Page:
Tom: I actually really wanted to write and finish new stuff. I've been working on new stuff for quite a while already. I have like a million sketches and stuff. But then a lot of things conflicted with it starting with my label, Prowling Death Records. I talked with Century Media Records, who is my licensing partner, and we did a Hellhammer single which is going to be released on August 19.

It's a single that we wanted to do in 1984. We had drafted a concept in 1984 but we didn't have the money at the time and nobody wanted to do a Hellhammer single. So the single never happened but I still have the detailed concept and everything. In the back of my mind, I always thought that I should do this single one day.

So Century Media said, "Okay, let's do that together", and I worked on that. I remastered two songs. They're original songs from Hellhammer times but we did a new remaster from it. The artwork was extensive so that took a lot of time. Then BMG Rights UK, who owns the rights to the old Celtic Frost material, coincidentally said they're going to reissue all the Celtic Frost material this year. And I of course requested to be involved with that and they actually said, "All right, let's do that together." that consumed months of my time and I'm still working on it.

So the Triptykon stuff had to take a backseat, which I regret. I was actually going to be in the middle of working on the new album with the band right now but it's all been pushed back a little bit. The new album will certainly slip into next year but we are working on it. I don't have the rights to the old Celtic Frost material and I had to get involved with that. That wasn't my call to do it and they wanted to, so I said, "All right, I'll collaborate. Let's do this right". I'm glad about that but it kind of screwed up my own time.

Luxi: You have also said that when you were working with the songs for Melana Chastama you were going through a difficult period in your life and that's been the reason you don't go back to that album so often, to avoid getting reminded of those bad and negative feelings from this one period of your life. Do you think you have gotten enough distance from that opus that now you see Melena Chastama from a different perspective?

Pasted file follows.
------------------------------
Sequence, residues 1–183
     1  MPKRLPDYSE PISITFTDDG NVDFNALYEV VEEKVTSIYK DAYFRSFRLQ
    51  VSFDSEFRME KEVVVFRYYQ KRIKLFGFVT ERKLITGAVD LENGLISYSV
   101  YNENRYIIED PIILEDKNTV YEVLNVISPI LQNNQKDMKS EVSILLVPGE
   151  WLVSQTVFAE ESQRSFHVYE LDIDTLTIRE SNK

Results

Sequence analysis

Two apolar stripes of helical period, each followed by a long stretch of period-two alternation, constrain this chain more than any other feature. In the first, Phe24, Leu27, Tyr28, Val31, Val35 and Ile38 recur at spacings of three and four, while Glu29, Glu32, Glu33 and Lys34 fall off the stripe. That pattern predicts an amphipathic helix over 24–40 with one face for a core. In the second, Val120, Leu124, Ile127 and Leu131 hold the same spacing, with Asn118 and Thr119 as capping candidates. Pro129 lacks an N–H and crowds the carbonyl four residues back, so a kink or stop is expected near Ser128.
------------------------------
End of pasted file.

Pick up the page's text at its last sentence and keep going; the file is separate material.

Tom: Well, I don't think it's a bad album. It's just a very difficult album for me to listen to. There are songs on there that are really important to me. "Aurorae" for example is a very important song for me. But there are some songs that I can barely listen to. I don't know if that'll ever change. I have, of course, very personal feelings about the album, but it's not a bad album. It's just a very difficult album for me personally.

I'm proud that Triptykon made this album. I really hope that the next album will be easier for me to listen to.

Luxi: So you don't regularly re-visit that album anymore?

Tom: I listen to my own music very rarely anyway, no matter whether it's Hellhammer, Celtic Frost, or Triptykon. I'm not somebody who sits at home thinking, "Wow, I'm so great". I hardly ever listen to my own music. For me personally, the first Triptykon album is a very important album. The first one is for me much more important because it reflected my liberation from the situation in Celtic Frost. It was a new start and for that reason it's a key album to me; the classic Triptykon album. And it will probably remain that forever. It's the first Triptykon album. That's just my personal feeling.

Luxi: It's been said that the older you get, in most cases, the wiser you become due to all these life experiences...